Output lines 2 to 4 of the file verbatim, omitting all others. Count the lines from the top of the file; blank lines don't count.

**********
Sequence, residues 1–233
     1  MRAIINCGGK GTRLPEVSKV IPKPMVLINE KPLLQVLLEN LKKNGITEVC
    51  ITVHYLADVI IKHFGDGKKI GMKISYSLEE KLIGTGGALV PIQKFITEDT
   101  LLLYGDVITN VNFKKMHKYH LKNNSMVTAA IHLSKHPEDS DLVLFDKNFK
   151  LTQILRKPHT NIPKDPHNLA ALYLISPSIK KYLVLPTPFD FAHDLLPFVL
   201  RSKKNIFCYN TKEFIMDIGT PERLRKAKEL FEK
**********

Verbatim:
     1  MRAIINCGGK GTRLPEVSKV IPKPMVLINE KPLLQVLLEN LKKNGITEVC
    51  ITVHYLADVI IKHFGDGKKI GMKISYSLEE KLIGTGGALV PIQKFITEDT
   101  LLLYGDVITN VNFKKMHKYH LKNNSMVTAA IHLSKHPEDS DLVLFDKNFK